The course focuses on major systems of political ideas that are fundamental to the politics of the twentieth century. Topics include the nature of ideology, classical and welfare state liberalism, conservatism, Marxism, socialism, fascism, liberation ideologies, and environmentalism. Prospects for the future of ideological discourse will be analyzed.

Prerequisite: ENG 2100 or its equivalent.

POL 3340 Political Socialization
3.0 Hours; 3.0 Credits

A survey of research and theory on the process by which individuals become members of their political system and learn about its fundamental values, beliefs, and symbols.

Prerequisite: one course in political science.

POL 3341 International Relations in the Middle East
3.0 Hours; 3.0 Credits

An application of the theories of international relations to the history of great power and regional rivalries in the Middle East. The course will analyze international conflicts, particularly between Israel and the Arab states, Turkey and Greece, and Iran and Saudi Arabia.

Prerequisite: ENG 2100 and one course in political science.

POL 3342 American Foreign Policy
3.0 Hours; 3.0 Credits

A study of how American foreign policy is formulated and implemented. Includes a consideration of the influence of the military-industrial complex and the media upon foreign policy. Also includes a discussion of training for foreign service.

Prerequisite: POL 1101 or departmental permission.

POL 3343 International Relations in Selected Areas of the World
3.0 Hours; 3.0 Credits

The application of concepts developed in the introductory course to the foreign policy and interrelations of nations in selected areas of the world. The group of nations to be considered is identified as a part of the course title as the time the course is scheduled, e.g., European powers. The course may be repeated with new content.

Prerequisite: POL 2240 or departmental permission.

POL 3344 The United Nations in World Politics
3.0 Hours; 3.0 Credits

This course examines the United Nations, its history, structure, specialized agencies, and its roles in peace keeping, human rights, and economic development. Students will also participate in a Model UN, in which the class will represent a designated state.

Prerequisite: POL 2240 or departmental permission.

POL 3345 Contemporary International Conflict
3.0 Hours; 3.0 Credits

An analysis of the source and structure of conflict among states in the world, the means of coping with and resolving conflicts, and trends in the world politics.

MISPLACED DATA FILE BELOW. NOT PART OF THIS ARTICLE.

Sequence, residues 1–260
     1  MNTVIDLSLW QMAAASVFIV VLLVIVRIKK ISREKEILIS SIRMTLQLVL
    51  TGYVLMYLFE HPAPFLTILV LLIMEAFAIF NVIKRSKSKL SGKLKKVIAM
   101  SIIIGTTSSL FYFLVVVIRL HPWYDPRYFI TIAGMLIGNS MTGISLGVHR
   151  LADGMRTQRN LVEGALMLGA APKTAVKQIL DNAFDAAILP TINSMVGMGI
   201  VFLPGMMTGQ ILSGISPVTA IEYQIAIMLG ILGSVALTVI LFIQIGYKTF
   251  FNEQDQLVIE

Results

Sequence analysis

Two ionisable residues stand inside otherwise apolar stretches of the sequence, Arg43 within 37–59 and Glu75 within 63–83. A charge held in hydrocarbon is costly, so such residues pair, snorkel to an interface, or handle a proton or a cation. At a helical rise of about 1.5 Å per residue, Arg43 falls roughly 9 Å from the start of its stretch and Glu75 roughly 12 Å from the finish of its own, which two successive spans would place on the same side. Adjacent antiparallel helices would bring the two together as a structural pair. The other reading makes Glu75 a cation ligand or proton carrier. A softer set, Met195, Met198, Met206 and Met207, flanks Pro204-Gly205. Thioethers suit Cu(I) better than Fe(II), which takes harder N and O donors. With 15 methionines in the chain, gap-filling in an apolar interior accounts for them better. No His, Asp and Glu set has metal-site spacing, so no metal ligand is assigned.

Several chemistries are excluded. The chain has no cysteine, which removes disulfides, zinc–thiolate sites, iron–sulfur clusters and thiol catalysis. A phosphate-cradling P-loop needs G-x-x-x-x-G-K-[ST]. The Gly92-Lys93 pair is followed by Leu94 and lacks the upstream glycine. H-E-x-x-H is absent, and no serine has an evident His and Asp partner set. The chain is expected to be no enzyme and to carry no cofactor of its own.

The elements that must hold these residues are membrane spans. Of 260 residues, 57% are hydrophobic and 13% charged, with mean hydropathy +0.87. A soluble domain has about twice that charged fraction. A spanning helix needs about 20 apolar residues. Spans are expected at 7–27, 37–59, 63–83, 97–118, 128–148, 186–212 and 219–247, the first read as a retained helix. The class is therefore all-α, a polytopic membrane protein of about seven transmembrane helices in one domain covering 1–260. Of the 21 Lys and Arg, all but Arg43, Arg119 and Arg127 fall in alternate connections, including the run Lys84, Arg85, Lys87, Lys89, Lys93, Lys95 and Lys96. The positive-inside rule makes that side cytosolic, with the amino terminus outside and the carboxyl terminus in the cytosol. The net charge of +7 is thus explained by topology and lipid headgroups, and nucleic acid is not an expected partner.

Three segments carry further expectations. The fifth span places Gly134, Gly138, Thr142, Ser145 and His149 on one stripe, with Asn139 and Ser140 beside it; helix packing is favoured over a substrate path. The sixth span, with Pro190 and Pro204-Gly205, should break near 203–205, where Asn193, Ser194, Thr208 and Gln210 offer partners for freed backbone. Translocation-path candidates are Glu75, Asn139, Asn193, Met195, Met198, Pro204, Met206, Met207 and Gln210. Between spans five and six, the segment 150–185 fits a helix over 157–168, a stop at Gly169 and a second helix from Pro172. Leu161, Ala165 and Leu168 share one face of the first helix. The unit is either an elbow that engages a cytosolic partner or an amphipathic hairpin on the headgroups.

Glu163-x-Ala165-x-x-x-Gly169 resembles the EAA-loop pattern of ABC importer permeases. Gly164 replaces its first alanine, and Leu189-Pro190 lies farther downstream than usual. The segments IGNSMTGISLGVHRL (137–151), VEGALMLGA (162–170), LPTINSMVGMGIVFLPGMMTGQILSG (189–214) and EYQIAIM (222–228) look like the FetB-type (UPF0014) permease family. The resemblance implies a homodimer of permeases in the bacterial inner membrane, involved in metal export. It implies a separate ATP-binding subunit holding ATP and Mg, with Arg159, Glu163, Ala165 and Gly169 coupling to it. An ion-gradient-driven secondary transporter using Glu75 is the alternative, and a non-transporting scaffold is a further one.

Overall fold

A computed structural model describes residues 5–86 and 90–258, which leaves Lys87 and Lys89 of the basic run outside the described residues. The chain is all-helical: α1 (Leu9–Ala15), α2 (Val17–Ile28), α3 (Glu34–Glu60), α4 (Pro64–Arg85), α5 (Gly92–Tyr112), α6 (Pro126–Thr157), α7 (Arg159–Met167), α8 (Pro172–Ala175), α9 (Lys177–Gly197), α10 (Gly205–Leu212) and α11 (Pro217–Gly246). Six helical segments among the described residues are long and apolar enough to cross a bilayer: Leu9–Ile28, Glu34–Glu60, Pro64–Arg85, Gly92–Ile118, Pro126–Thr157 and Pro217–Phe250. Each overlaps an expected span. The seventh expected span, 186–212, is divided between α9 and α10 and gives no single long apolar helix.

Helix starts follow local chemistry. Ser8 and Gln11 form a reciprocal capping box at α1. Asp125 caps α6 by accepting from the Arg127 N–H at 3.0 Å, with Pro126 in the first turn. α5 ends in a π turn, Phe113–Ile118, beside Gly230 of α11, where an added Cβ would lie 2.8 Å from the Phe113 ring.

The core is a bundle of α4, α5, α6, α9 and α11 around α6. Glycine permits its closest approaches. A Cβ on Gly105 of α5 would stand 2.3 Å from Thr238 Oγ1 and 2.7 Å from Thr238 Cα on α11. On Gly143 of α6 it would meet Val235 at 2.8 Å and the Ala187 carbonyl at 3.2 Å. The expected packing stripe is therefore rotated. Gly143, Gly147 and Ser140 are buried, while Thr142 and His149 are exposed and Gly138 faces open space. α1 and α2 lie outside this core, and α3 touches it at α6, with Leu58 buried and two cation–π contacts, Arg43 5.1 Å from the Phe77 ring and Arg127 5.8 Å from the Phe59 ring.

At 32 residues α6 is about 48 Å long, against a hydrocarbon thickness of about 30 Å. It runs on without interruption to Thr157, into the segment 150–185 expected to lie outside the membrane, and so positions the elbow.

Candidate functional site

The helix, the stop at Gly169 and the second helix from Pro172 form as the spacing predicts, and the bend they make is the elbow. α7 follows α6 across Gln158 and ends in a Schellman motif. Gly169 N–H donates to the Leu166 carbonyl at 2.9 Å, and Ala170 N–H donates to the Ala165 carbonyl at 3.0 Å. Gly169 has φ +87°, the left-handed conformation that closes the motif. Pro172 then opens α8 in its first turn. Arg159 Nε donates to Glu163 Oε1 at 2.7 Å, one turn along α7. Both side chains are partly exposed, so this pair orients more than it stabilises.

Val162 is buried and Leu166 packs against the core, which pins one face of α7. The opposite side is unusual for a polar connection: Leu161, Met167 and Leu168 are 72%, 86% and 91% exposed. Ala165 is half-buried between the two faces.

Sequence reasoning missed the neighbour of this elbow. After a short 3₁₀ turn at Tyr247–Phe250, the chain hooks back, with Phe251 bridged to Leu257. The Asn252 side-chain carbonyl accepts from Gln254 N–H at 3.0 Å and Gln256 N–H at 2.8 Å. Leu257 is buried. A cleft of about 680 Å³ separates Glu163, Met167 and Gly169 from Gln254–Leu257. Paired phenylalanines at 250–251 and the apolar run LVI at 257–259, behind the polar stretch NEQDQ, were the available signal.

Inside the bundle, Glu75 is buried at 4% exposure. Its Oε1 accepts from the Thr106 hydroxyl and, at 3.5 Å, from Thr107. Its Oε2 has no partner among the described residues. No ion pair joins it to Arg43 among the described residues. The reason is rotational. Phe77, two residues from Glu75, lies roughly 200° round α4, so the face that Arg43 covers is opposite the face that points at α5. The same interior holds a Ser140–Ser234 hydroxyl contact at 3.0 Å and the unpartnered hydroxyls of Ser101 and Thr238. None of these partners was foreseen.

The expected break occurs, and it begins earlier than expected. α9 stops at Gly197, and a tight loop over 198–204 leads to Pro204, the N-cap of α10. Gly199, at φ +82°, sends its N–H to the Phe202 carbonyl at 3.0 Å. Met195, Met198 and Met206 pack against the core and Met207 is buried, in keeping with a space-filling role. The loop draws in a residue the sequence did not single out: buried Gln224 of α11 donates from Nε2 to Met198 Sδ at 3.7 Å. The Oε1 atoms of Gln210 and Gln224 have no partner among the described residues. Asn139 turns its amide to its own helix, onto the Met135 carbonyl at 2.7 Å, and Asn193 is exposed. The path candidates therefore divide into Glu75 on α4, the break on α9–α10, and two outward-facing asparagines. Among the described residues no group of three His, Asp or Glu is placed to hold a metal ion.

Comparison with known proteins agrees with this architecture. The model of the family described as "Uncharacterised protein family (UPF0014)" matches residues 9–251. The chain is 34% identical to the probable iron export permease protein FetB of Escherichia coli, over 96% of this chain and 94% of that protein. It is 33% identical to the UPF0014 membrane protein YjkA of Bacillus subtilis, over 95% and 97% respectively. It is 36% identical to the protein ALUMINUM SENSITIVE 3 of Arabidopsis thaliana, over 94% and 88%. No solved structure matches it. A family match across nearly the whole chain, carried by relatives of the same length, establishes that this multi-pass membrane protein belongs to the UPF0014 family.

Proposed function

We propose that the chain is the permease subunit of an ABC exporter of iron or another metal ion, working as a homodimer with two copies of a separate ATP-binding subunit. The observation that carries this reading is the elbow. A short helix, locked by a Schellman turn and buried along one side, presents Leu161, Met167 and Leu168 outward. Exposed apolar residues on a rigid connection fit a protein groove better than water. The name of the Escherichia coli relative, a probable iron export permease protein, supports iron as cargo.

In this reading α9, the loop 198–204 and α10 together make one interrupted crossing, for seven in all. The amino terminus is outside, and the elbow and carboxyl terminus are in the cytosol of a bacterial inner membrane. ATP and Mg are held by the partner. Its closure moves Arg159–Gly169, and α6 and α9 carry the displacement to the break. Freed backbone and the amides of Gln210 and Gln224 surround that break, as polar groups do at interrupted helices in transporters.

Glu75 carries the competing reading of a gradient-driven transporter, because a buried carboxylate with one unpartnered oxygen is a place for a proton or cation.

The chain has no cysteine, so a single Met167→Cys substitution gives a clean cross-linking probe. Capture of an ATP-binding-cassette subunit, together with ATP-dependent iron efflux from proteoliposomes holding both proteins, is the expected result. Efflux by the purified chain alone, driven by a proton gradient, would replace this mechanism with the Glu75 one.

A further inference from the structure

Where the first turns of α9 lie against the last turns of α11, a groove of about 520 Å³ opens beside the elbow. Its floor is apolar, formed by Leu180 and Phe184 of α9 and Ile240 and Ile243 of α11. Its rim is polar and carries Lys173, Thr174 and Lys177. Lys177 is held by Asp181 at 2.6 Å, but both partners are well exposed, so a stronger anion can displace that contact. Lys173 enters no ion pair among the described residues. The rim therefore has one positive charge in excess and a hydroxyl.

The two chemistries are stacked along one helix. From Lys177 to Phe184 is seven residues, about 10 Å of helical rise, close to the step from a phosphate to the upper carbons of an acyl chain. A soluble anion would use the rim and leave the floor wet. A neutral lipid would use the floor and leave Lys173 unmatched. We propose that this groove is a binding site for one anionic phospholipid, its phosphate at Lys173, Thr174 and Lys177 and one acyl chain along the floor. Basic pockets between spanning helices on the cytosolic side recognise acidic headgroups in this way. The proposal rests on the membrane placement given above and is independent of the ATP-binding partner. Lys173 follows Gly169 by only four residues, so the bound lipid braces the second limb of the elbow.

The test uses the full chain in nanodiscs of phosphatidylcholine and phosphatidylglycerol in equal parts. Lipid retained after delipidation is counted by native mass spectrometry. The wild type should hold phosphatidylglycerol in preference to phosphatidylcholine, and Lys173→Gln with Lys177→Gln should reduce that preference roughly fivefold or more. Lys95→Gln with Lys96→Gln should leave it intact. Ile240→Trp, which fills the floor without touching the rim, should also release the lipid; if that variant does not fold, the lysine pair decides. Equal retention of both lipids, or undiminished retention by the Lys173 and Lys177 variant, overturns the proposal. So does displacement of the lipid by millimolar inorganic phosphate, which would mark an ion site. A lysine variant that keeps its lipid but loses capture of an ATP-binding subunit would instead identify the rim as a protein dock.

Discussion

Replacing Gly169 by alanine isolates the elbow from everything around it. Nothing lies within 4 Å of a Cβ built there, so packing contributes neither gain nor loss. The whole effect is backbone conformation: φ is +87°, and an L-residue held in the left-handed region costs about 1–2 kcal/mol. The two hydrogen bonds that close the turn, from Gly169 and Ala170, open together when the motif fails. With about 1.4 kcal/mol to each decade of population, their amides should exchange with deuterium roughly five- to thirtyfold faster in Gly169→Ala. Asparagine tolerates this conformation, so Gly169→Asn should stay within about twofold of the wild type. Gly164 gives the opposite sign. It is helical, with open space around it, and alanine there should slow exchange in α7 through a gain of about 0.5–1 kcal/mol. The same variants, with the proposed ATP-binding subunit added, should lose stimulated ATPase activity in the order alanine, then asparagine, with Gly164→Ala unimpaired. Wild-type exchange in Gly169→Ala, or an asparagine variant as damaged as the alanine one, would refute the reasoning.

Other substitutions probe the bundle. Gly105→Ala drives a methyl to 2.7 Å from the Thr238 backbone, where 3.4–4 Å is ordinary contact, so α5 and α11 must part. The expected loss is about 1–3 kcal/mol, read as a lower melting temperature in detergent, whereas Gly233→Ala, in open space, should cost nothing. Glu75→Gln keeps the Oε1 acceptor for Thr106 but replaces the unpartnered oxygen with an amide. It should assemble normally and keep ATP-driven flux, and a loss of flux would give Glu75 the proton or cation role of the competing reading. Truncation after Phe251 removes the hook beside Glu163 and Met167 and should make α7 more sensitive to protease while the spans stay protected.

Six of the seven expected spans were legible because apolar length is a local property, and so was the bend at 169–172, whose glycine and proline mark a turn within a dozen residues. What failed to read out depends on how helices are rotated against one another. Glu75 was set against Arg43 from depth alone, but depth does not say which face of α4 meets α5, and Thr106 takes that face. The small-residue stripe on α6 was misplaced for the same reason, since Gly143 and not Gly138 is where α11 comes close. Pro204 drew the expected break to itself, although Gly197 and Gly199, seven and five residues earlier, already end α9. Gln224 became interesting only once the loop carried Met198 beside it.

Prerequisite: POL 1101 or departmental permission.

POL 3346 The Rise of Asia in World Affairs
3.0 Hours; 3.0 Credits

This course presents the cultures, recent histories, and current conditions of the Asian countries in the context of global politics and economics. Through an examination of economic growth in the context of the world economy and political developments both within countries and among them, the course will provide a basis for understanding the Asian region in contemporary affairs.

This course is equivalent to AAS 3346 and HIS 3346. Students will receive credit for either POL 3346, AAS 3346, or HIS 3346. These courses may not substitute for each other in the F grade replacement policy.

Prerequisite: One of the following: POL 1101, 2101, 2240, or 2260 or HIS/AAS 3080.

POL 3346H Hon The Rise of Asia in World Affairs
3.0 Hours; 3.0 Credits

This course presents the cultures, recent histories, and current conditions of the Asian countries in the context of global politics and economics. Through an examination of economic growth in the context of the world economy and political developments both within countries and among them, the course will provide a basis for understanding the Asian region in contemporary affairs.

This course is equivalent to AAS 3346 and HIS 3346. Students will receive credit for POL 3346, AAS 3346, or HIS 3346. These courses may not substitute for each other in the F grade replacement policy.

Prerequisite: One of the following: POL 1101, 2101, 2240, or 2260 or HIS/AAS 3080.

POL 3347 Seminar on Political Globalization
3.0 Hours; 3.0 Credits